Garlic Potatoes/Kumara (Sweet Potato)
(No gluten or legumes; with options for dairy and nightshades)
The brief, unassuming ingredient list to this recipe belies the succulent result. The trapped-in steam from the initial covered phase of cooking infuses the vegetables with garlic flavour. The uncovered cooking phase then evaporates the water and leaves tender, flavourful vegetables.
Some people are sensitive to foods that are grouped under the botanical family called solanaceae, or the more common term: nightshades. These include potato, tomato, eggplant, capsicum, chilli, paprika, and cayenne. Another family member is tobacco. If you have been a smoker or lived with one this will up the likelihood of excess sensitivity to one or more of the nightshade group. The most common health complaint associated with poor tolerance to nightshades is aching joints or arthritis. From teenagers with vague aches in joints, people with discomfort due to accident or trauma, to older folk with chronic pain, if they get one of our allergy tests, this is highly likely to come up. See the TIPS page for Aches and Pains.
People may react adversely to a substance for any number of reasons (see TIPS for: Why You May Be Allergic to the 20th Century). You may be suspicious of airborne allergens – such as pollens – if you have sinus or other respiratory problems. You may be suspicious of food allergies if you have digestive complaints. But any chronic symptom can be linked to an allergic response. If the offending substance is inhaled or ingested frequently there may be no easily observable relationship between contact and health problems. The most common type of allergy is a masked or cyclical reaction. This involves a delay of up to two days from the time of intake to unpleasant consequence.
A supplement that has provided excellent results for problems with joints and bones is Bio-Disc. This practitioner-only product (available from this office) also helps skin repair, as all these body areas are made from the same type of protein – collagen – necessary for strength and flexibility. Similarly, this formula assists the all-important gut wall to be strong and less prone to excess permeability. This lessens the likelihood or severity of food sensitivities.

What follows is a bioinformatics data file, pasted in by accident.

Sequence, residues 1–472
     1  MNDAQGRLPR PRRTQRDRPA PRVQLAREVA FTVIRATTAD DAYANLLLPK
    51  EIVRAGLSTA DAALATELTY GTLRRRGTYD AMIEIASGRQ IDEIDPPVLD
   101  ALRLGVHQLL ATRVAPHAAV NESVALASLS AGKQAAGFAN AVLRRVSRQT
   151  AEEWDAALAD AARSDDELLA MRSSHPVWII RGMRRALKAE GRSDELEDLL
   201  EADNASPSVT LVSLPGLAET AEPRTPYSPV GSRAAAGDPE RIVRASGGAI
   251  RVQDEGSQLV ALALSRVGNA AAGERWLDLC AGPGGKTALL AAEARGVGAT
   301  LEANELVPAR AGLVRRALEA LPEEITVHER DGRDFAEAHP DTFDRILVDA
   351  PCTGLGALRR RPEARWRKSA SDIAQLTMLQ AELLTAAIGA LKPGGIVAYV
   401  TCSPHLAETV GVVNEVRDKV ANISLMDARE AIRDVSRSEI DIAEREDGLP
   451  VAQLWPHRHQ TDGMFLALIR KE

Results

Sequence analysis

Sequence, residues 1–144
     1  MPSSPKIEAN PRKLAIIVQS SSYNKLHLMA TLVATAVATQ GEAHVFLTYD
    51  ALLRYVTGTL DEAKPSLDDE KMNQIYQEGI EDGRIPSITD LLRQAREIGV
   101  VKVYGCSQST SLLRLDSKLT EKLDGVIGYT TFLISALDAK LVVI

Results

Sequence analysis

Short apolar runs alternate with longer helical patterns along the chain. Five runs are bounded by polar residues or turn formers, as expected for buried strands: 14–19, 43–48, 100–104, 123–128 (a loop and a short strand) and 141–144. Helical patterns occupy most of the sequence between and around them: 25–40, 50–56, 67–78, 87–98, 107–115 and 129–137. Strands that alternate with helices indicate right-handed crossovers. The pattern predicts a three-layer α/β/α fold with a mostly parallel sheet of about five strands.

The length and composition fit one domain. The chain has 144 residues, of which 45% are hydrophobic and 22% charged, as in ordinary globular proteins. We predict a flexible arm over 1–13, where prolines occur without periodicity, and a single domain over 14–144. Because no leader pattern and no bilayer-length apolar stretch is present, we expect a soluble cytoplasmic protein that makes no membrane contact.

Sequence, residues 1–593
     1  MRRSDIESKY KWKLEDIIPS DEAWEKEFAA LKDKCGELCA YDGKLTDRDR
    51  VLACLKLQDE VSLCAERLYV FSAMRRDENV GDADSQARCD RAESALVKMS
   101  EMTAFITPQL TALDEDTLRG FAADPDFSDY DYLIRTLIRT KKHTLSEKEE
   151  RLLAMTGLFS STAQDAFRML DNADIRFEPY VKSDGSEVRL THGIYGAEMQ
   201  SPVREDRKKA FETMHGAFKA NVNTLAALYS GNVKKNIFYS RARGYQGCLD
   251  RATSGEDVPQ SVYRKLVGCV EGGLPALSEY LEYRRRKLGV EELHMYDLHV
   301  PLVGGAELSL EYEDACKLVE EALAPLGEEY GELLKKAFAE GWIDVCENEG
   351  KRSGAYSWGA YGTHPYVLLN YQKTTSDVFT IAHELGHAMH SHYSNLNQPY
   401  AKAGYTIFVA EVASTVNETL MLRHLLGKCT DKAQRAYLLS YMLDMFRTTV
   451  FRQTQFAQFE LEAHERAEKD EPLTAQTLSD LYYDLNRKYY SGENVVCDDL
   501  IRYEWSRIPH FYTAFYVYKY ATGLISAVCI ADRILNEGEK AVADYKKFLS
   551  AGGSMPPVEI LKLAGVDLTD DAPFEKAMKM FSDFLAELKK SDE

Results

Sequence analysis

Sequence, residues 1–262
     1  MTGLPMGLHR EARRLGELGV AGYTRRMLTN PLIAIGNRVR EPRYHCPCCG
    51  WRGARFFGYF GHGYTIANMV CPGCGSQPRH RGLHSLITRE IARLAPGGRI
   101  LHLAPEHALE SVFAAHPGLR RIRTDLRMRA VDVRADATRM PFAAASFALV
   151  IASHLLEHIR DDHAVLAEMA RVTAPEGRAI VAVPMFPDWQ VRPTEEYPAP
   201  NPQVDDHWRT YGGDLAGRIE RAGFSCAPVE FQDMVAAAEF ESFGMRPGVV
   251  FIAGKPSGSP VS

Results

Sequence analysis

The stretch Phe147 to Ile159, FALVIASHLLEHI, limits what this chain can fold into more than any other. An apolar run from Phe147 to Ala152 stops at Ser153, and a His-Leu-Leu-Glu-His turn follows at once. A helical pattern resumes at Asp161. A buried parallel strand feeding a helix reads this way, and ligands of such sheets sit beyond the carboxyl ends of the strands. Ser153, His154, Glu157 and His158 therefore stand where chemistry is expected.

If you need to find options to potatoes there are many vegetables to choose from. Kumara or sweet potato can likewise be baked, mashed, steamed, or used in wedges. Other similarly starchy choices are pumpkin, taro, swede, turnip, Jerusalem artichoke, yam and carrot. To substitute any food in a recipe for any reason, consider what it provides in terms of structure, as well as flavour.
Tomato is technically a fruit (a ripened ovary with seeds) and many fruits make good alternatives. For raw uses in salads and sandwiches replace tomato with sliced, firm persimmon, pear or nectarine. Make pasta-type sauces with stewed plum (similarly used as a base in chutney) or mashed pumpkin (another fruit – and restaurant favourite with fresh sage). Both are tomato-like in being sweet, pulpy and obliging carriers for seasonings. Equipped with a good list of options, people who need to minimise intake of a common food can discover that their diets become more adventurous rather than more restricted.
Some people with low tolerance to dairy products can do well on occasional ghee or clarified butter, which has had its milk solids removed. Or use my delicious non-dairy Better Butter.
4 large potatoes (floury types such as Agria are ideal), or 4 large kumara
1 Tbsp organic butter or ghee, or Better Butter (see RECIPES)
3 large garlic cloves, finely chopped
60 ml (¼ cup) water or stock
1 tsp sea salt with kelp*
Extra salt and pepper
Scrub potatoes or kumara but do not peel. Slice very thinly (about 3 mm). Place the butter or oil, garlic, water and salt in a medium to large saucepan. If using butter, heat gently to melt. Remove from heat. Cover with a lid and toss thoroughly to mix every slice with the seasonings.
Oil a heavy 18 x 28 cm baking/casserole dish. Add the vegetables in a roughly overlapping layer. Sprinkle with salt and freshly ground pepper. Cover with a lid. Bake at 200ºC (400°F) for 25 minutes. Remove lid and bake for a further 25-30 minutes until the vegetables are tender and barely crisp on top. Serve.
Shopping and Preparation Tips*
• Sea salt: is sea water dehydrated by sun. When mixed with seaweed (containing iodine and other minerals low in our soil) it is ideal in terms of flavour (interesting but not too strong) and mineral balance. Try Pacific Harvest or Malcolm Harker brands; both in health and gourmet stores. Ordinary salt is taken from mines or sea and so highly refined over extreme heat that it contains nothing but sodium chloride. All other minerals are stripped away, such as potassium and magnesium which help regulate fluid balance and blood pressure. Bleach as a whitener and chemicals to prevent clumping may be added to table salt.